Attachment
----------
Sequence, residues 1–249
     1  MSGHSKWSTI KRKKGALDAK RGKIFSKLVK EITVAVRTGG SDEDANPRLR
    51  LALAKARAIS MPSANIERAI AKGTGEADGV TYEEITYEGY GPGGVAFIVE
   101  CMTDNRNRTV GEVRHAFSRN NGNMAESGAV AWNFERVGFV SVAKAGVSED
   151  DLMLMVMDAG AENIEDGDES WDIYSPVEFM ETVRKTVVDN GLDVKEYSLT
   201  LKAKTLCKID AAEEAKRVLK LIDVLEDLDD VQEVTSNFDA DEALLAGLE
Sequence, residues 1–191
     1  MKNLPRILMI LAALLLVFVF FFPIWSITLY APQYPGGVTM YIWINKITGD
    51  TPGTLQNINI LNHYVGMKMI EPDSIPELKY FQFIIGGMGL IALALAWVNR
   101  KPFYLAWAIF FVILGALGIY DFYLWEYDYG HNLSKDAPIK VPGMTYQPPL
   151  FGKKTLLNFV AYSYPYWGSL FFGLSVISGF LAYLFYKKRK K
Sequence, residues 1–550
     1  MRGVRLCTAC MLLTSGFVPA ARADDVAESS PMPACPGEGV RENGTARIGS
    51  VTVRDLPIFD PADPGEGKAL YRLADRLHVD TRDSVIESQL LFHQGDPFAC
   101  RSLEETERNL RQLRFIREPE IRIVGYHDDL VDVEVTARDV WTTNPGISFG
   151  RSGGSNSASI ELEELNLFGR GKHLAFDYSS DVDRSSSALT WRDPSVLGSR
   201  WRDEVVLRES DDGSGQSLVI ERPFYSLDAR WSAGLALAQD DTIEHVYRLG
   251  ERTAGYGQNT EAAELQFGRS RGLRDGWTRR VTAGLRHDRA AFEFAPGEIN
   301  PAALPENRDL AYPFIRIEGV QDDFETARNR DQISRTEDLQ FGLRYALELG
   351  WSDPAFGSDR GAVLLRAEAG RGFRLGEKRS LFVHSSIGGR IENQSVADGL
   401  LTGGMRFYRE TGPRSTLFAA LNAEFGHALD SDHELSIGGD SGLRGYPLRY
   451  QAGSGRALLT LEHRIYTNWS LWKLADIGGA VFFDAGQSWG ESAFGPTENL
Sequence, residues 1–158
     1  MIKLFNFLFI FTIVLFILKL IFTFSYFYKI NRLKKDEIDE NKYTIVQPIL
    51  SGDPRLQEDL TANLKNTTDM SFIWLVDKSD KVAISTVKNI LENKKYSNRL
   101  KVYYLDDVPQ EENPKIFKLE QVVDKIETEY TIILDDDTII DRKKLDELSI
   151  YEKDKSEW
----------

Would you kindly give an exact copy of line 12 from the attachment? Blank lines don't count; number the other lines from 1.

Sequence, residues 1–550